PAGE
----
That means virtually anyone who can see a distance of 78ft can react visually to any tennis serve or shot in plenty of time. As even the slowest video gamer can attest, if all you have to do is “see” and then press a button to swing — if you don’t even have to get off the sofa — anyone could return a professional-speed serve.
In real tennis, the difficulty arises in the second stage of the service return. The remaining period of, say, 300 milliseconds is the time players have to react physically – to adjust themselves to what they know about the ball’s flight and then try to hit it how and where they’d like.
Having just 300 milliseconds to hit a ball is a serious problem for most of us. Amateurs cannot move to the correct spot and produce a swing with accuracy or power in 300 milliseconds. Most of us can barely adjust our rackets by a few inches. Many solid professionals cannot do much more.
Even Djokovic does not successfully return every shot. But for most returns, he has plenty of time. He is so skilled and practised that he can produce near-instantaneous muscle contractions to move his body and execute a swing in perhaps 100 milliseconds. For him, the physical part of hitting the ball is almost as easy as pressing a button.
Djokovic’s physical speed frees up time for him to prepare during the phase tennis coaches call “ball identification”. This is when he absorbs the crush of data generated after the ball leaves his opponent’s racket. He splits up the time available during a return shot; because he is so fast, he has extra time to gather and process information. Finally, at the last possible instant, he commits to his choice and swings. He can sandwich a lot of preparing between seeing and hitting.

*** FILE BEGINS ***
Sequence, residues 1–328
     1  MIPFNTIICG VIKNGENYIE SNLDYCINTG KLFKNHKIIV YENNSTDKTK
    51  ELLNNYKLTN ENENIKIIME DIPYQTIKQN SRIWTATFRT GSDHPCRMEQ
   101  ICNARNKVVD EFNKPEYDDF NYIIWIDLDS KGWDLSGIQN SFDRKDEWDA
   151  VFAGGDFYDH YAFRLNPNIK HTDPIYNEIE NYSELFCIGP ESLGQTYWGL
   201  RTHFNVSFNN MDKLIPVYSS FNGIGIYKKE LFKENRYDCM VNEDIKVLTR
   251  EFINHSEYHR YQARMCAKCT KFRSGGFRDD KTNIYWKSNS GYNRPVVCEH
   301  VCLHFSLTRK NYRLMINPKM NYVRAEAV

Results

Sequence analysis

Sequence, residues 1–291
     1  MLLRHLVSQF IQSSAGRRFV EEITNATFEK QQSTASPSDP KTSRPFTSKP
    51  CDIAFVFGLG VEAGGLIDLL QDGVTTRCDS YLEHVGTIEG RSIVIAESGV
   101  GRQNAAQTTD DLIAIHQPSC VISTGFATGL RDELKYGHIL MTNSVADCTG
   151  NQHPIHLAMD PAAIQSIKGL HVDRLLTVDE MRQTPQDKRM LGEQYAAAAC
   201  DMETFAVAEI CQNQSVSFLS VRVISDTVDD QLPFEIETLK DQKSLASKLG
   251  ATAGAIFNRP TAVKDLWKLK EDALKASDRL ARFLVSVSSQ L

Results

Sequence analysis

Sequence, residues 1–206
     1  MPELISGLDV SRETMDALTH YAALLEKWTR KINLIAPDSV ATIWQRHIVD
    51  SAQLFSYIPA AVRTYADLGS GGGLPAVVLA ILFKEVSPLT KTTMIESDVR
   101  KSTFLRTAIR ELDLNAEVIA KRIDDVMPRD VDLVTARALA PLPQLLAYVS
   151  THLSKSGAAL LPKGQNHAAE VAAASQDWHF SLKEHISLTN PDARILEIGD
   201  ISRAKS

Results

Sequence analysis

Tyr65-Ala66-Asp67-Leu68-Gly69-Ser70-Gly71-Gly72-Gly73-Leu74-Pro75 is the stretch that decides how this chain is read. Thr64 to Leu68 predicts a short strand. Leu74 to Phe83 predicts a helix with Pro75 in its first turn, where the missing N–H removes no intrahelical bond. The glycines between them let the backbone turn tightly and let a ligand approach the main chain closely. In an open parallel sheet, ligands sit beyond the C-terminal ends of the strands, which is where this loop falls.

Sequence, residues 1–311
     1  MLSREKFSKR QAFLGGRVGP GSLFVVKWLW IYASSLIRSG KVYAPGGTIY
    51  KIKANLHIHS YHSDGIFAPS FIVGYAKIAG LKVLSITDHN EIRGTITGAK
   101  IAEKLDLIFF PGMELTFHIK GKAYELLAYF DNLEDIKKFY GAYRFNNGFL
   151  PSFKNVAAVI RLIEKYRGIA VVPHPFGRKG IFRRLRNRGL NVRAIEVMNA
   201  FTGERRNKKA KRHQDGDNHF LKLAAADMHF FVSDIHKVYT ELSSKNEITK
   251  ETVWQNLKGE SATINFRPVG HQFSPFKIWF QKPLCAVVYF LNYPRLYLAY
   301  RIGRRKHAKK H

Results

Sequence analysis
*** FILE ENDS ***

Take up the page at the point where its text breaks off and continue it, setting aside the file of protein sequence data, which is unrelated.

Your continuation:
Because Djokovic needs less time to hit, he has more time to gather and process information. He sees, prepares and, finally, only after he has processed as much information as possible, he hits. His preconscious time management and his extraordinary ability to delay enable him to stretch out a split-second and pack in a sequence of interpretation and action that would take most of us much longer.
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Partnoy’s terrific article goes on to review the science of delayed reaction and to connect that research to all sorts of decisions, including investment decisions. Better yet, Partnoy suggests how the underlying research may help explain the financial crisis.
Partnoy’s book, ‘Wait: The useful art of procrastination’ will be published by Profile Books on July 5.
Related Situationist posts:
- Performing Under Pressure
- The Situation of Practice
- The Situation of ‘Genius’
- Jock or Nerd
- The Situation of “29″ & the Downside of Goal-Setting
- The Unconscious Genius of Baseball Players
- The Situation of a Baseball Pitch
- The Batting Situation
- Team-Interested Decision Making
- The Situation of ‘Winners’ and ‘Losers’
Image from Flickr.